A couple of minor suggestions

I don't frequent the forums much (hardly at all) so you'll have to forgive me if this is the wrong place for this.

I guess this first one is also a question..

private void SomeMethod
{
     if (foo())
     {
          if (bar())
          {
               return;
          }
          return;
     }
     return; // <-- this line is marked as redundant as it lies before the end of the method, are not the above two redundant as well?
}

second one is this

if (someEnumerable.Aggregate(false, (a, b) => b.foo())) //<-- imo this should be marked as "Expression is always false."
{
     do stuff...
}

3 comments
Comment actions Permalink

For the first item, the other two "return" statements are only redundant if there's no code following them. If you remove the last "return" statement, you should see the previous one flagged as redundant.

For the second, why should it always be "false"? The result of the expression will be whatever the "foo" method returns for the last item in the "someEnumerable" sequence.

Your code is equivalent to:

bool result = false;
foreach (var b in someEnumerable)
{
   result = b.foo();
}

if (result)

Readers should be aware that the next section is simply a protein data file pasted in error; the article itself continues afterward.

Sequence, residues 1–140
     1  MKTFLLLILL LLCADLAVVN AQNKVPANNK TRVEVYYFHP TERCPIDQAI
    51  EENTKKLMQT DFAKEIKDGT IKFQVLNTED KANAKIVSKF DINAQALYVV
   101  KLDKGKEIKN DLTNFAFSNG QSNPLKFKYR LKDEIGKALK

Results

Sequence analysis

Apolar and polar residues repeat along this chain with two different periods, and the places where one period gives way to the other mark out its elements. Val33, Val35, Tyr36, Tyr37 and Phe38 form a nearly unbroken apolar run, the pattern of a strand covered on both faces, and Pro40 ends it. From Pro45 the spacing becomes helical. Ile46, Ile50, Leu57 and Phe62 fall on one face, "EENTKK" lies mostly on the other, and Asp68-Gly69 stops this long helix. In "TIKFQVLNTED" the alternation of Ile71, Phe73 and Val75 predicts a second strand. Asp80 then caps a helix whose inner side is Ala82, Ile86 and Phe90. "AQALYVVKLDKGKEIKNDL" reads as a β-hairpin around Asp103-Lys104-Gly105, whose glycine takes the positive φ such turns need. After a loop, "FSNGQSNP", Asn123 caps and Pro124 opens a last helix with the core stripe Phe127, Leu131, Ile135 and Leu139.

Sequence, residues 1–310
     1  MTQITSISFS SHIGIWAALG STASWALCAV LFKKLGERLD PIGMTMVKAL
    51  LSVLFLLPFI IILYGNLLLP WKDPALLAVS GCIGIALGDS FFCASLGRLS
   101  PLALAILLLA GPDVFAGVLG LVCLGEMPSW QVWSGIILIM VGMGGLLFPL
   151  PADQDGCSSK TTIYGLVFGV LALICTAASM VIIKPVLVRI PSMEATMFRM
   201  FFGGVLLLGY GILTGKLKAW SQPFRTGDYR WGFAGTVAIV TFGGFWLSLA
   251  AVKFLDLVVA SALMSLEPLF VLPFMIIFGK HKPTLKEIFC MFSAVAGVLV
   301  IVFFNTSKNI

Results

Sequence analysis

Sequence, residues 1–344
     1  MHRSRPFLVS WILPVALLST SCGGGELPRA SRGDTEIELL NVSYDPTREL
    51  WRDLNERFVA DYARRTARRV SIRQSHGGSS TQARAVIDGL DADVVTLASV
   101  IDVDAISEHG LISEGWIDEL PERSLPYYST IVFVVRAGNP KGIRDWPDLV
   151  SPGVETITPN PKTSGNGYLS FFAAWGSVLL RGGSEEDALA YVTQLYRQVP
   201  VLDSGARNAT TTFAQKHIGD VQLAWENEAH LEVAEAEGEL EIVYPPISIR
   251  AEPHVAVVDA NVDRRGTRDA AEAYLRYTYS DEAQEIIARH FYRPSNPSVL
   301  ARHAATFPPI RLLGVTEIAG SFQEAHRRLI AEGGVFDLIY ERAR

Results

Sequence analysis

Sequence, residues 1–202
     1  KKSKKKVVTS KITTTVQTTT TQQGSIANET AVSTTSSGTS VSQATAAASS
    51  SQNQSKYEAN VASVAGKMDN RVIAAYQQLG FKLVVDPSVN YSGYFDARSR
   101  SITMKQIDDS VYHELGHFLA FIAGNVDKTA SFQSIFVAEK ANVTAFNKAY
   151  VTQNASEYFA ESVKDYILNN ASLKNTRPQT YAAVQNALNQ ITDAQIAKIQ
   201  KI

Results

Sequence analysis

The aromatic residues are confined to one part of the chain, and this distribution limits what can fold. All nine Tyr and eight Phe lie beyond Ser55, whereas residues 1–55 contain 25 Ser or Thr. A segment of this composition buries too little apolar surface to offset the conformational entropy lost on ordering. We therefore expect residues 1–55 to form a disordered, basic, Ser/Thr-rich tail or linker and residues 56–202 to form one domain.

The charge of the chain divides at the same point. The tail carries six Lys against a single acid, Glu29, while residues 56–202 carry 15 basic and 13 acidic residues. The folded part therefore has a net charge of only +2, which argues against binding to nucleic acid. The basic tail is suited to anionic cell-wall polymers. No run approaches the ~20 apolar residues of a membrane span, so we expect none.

{
   do stuff...
}


Unless the sequence is empty, the initial value you specificy has no effect.

0
Comment actions Permalink

I know I'm late to the party...  

For the first item, the other two "return" statements are only redundant if there's no code following them. If you remove the last "return" statement, you should see the previous one flagged as redundant.
Obviously, that's why I said as much, there is no code (that is not redundant) following them so they are redundant.  Resharper is smart enough to know for the last, it should be analyze whatever is preceding redundant code in the same way it analyzes that redundant code to know whether or not the preceding is also redundant.

For the second, that was a misunderstanding on my part of how LINQ's aggregate worked.  I thought it stored the result internally to compare to the following values (now knowing how it works that's obviously ridiculous but too late now).

0
Comment actions Permalink

claudekennilol wrote:

Obviously, that's why I said as much, there is no code (that is not redundant) following them so they are redundant.


There's a significant difference between "there's no code following this statement" and "all the code following this statement is redundant". I would imagine that adding a recursive check for the latter case could cause serious performance problems.

0

Please sign in to leave a comment.